A Woman Got The "Femininity" Entry Changed On Merriam-Webster With One Powerful Tweet
Gender stereotypes are incredibly pervasive, so I’m usually not surprised to find them cropping up in all sorts of weird places. I was startled, however, to see outdated gender conventions showing up in the dictionary itself. Yesterday, one woman got the “femininity” definition changed in the Merriam-Webster dictionary by pointing out that their example of how to use the word perpetuated antiquated notions of what it means to be “feminine.” Thankfully, Merriam-Webster recognized the error and promptly took action to correct it.
According to Cosmopolitan, L.A. based writer Ali Segel was recently collecting submissions for a zine when one submitter sent her some poetry and a screenshot of Merriam Webster’s definition for “Femininity” with the comment, “P.S., isn’t it insane that this is in the dictionary?!” And it was crazy: For the “Use the word in a sentence” portion of the entry, the dictionary had the statement, “[S]he managed to become CEO without sacrificing her femininity.”
Yikes. Way to suggest that being CEO and being feminine are fundamentally incompatible, Merriam Webster. As Segel pointed out to Cosmo, this is not the kind of comment that anyone would ever make about a man. “Can you imagine: ‘He managed to become a CEO without sacrificing his masculinity’?” she asked. Of course not — because no one would assume that a man’s gender identity would be at odds with holding a major leadership position.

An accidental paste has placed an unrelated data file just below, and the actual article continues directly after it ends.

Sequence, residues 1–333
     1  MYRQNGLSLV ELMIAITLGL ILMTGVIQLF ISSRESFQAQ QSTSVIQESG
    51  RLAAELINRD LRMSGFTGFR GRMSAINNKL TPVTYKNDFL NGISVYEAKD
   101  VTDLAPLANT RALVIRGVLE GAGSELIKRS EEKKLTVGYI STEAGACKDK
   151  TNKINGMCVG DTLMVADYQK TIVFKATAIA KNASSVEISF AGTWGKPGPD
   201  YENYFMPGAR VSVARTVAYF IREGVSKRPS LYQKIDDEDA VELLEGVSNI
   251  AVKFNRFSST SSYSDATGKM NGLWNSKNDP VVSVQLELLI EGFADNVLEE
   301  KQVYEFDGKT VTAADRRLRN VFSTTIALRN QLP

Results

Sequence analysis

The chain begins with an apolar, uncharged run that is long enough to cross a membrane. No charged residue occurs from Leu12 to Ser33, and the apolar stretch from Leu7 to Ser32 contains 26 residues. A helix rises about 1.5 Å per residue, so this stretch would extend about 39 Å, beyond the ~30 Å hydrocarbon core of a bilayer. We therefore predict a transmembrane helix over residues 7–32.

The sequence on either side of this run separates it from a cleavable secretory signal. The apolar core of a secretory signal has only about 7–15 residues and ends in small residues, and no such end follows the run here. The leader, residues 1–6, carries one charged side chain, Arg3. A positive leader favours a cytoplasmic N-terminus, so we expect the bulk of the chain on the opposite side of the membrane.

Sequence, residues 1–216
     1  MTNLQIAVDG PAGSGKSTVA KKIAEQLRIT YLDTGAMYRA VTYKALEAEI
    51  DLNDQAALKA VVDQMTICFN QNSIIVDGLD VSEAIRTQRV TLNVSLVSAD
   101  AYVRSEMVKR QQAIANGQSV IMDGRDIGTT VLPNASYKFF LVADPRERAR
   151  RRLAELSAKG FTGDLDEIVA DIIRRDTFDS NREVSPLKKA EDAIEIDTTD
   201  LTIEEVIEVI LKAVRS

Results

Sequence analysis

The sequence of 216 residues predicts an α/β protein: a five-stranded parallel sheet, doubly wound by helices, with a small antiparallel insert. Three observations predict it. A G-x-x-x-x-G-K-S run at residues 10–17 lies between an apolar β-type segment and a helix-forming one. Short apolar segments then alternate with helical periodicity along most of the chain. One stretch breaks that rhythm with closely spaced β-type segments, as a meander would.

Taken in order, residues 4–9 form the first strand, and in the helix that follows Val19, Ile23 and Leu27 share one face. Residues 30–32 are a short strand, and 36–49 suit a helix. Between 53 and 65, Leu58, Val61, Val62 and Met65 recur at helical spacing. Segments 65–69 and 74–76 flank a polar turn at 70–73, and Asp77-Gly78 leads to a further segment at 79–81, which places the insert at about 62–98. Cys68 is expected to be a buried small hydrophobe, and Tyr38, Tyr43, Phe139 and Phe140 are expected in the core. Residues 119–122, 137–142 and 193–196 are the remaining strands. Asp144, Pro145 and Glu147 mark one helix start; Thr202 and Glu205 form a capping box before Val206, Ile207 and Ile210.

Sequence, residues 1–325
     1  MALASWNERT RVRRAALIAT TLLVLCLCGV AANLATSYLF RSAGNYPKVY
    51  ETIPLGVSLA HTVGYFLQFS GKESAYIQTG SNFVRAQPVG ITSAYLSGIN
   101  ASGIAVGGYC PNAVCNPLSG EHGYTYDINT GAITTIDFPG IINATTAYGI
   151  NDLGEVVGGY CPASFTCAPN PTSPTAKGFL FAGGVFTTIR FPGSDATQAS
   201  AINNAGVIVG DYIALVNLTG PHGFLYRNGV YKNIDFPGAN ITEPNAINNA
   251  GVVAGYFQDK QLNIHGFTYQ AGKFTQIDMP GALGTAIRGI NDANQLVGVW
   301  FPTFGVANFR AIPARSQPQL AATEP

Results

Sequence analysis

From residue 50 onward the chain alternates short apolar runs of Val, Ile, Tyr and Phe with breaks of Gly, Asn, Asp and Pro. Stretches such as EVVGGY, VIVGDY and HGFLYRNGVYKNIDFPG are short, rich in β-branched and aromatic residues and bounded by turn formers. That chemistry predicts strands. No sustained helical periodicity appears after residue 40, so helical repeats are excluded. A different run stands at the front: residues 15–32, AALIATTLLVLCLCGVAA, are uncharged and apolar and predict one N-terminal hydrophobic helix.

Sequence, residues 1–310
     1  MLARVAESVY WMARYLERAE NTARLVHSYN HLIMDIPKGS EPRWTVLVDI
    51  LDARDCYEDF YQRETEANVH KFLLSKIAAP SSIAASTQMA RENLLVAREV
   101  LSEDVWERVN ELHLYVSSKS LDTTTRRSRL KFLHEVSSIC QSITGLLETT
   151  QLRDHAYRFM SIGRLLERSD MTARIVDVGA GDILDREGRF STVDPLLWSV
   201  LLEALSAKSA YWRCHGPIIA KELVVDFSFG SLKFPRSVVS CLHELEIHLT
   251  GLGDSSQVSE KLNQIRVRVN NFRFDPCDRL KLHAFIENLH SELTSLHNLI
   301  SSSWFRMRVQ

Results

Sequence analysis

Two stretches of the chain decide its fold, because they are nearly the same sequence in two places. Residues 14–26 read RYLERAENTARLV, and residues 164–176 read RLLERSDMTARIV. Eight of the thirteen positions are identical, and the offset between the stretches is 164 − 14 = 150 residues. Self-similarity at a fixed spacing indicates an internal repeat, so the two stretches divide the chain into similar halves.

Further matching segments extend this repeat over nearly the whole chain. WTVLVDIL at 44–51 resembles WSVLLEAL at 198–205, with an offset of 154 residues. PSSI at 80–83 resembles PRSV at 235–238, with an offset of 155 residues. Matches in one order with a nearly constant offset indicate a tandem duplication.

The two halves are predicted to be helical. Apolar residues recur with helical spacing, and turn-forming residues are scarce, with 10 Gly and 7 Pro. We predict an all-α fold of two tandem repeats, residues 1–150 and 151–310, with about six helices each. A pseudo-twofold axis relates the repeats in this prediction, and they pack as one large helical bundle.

Segel tweeted about the dictionary entry yesterday, and people started talking about it — and tagging Merriam Webster. Fortunately, once it was brought to the company’s attention, Merriam-Webster recognized that the entry was inappropriate. “Someone ended up contacting Peter Sokolowski, who is the Lexicographer at Merriam-Webster,” Segel told Cosmo. “As soon as he caught wind of it they promptly addressed the situation and removed the sentence.”
It’s encouraging that Merriam-Webster responded so promptly to the complaint (although I’m still giving them a little side-eye for having that sentence up in the first place). The words we use matter. Depending on how we use them, they can perpetuate or help dismantle the gender stereotypes that limit and often harm both men and women. So kudos to Segel for pointing out the inherent sexism of defining “femininity” in opposition to being an executive, and kudos to Merriam-Webster for changing their tune.